A year after a wild fire destroyed 444 hectares of forest area on the iconic Montgo Mountain in Denia, Alicante, there has been little regeneration. The plague of the pine beetle, that bores its way through the trees to lay its eggs and dry weather leading to soil erosion, is said to be to blame for the slow recovery of the protected area, thus prolonging the natural disaster.
The fire broke out on September 11 shortly after 4pm however the cause remains a mystery. More than 1,400 residents were evacuated at the time with the fire threatening a number of homes as strong winds and the presence of dead trees helped the fire spread down the mountain. The temperature of the fire, aided by the dry ground conditions was said to have reached in excess of 2,000 degrees, literally burning the ground through to the roots, which has resulted in some areas still appearing blackened and scorched, very much unchanged from the days after the fire.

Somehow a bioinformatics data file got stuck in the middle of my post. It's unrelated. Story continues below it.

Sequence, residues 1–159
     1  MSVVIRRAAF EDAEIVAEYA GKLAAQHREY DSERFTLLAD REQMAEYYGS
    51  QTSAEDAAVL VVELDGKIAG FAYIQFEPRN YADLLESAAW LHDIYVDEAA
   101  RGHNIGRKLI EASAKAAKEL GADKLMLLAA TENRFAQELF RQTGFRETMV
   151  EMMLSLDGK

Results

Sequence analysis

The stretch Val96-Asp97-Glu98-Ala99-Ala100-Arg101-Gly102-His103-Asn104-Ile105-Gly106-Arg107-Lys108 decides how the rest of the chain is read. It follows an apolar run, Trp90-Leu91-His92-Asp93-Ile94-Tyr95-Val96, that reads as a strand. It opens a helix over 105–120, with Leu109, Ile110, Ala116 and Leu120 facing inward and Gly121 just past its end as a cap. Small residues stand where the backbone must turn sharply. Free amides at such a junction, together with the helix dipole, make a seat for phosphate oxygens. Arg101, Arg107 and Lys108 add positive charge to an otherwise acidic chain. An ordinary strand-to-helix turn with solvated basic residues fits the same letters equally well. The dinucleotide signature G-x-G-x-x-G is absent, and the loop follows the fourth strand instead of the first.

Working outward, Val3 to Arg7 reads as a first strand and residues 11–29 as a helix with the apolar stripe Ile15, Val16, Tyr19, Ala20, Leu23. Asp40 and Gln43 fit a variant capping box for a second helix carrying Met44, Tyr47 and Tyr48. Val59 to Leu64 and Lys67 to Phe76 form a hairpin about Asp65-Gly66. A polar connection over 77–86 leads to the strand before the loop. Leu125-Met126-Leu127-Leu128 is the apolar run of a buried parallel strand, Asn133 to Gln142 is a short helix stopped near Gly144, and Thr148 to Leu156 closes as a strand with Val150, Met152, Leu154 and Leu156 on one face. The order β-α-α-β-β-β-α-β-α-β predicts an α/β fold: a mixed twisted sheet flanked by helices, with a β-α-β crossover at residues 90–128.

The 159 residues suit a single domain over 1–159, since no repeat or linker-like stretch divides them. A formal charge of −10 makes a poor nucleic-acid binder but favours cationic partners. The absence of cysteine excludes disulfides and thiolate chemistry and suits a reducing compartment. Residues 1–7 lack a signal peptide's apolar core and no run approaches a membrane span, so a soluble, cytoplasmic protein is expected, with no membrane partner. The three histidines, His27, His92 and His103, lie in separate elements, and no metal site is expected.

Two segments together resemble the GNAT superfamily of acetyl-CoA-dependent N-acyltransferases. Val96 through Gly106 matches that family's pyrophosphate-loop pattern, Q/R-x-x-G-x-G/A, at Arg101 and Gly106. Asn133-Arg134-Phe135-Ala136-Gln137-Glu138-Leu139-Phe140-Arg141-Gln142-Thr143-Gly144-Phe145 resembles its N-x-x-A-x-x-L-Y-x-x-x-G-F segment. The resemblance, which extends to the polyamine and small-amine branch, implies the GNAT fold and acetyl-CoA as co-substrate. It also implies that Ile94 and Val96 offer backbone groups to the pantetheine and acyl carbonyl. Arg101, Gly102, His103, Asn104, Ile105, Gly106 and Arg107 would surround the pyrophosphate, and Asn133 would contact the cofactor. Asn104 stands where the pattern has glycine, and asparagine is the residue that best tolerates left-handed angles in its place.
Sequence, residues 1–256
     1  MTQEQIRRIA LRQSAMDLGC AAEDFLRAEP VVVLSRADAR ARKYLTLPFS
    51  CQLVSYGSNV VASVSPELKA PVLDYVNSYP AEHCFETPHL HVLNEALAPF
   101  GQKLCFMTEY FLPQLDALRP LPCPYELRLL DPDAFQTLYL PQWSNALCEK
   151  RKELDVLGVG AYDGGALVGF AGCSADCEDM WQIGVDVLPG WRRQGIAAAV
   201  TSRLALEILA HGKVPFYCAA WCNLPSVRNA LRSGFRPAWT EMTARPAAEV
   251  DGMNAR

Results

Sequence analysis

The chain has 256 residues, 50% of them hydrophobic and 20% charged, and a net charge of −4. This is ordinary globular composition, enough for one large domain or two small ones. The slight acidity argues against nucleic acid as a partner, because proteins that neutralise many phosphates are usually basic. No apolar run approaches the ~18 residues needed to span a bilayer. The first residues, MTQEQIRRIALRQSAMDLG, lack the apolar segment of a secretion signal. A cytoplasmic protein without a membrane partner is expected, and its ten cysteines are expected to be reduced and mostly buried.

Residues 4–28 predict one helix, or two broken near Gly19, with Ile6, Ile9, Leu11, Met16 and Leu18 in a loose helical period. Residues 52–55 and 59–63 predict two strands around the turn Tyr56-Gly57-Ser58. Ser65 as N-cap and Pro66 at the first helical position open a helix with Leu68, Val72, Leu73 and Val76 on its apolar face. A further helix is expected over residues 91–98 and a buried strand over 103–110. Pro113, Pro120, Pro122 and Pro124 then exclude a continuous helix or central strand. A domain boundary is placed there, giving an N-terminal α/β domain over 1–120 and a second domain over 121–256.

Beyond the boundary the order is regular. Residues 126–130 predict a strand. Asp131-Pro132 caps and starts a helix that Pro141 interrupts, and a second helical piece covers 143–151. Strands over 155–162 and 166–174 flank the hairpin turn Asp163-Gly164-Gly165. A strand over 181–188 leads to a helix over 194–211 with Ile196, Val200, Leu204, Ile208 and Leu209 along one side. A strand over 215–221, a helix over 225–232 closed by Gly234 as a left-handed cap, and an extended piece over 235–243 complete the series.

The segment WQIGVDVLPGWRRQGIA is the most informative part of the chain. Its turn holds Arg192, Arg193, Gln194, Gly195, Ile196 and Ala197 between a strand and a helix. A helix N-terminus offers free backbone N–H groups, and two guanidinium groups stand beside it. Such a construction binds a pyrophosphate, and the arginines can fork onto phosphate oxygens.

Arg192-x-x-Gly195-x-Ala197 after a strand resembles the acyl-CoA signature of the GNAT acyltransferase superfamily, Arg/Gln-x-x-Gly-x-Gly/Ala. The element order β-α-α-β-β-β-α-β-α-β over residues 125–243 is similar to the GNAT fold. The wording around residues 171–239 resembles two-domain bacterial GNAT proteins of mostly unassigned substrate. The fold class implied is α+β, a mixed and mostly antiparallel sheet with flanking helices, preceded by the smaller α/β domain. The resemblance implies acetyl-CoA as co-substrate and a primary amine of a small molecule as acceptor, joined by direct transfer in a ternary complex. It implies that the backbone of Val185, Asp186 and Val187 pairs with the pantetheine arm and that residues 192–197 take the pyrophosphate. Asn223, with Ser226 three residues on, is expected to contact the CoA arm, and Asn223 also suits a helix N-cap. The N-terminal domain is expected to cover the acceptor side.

On the Javea side of the mountain, the Town Hall has acted by planting Olive trees, an endemic species, that have already started off strongly. The hopes are that this species will dominate in the new forest and will not provide as many issues as the pine trees did.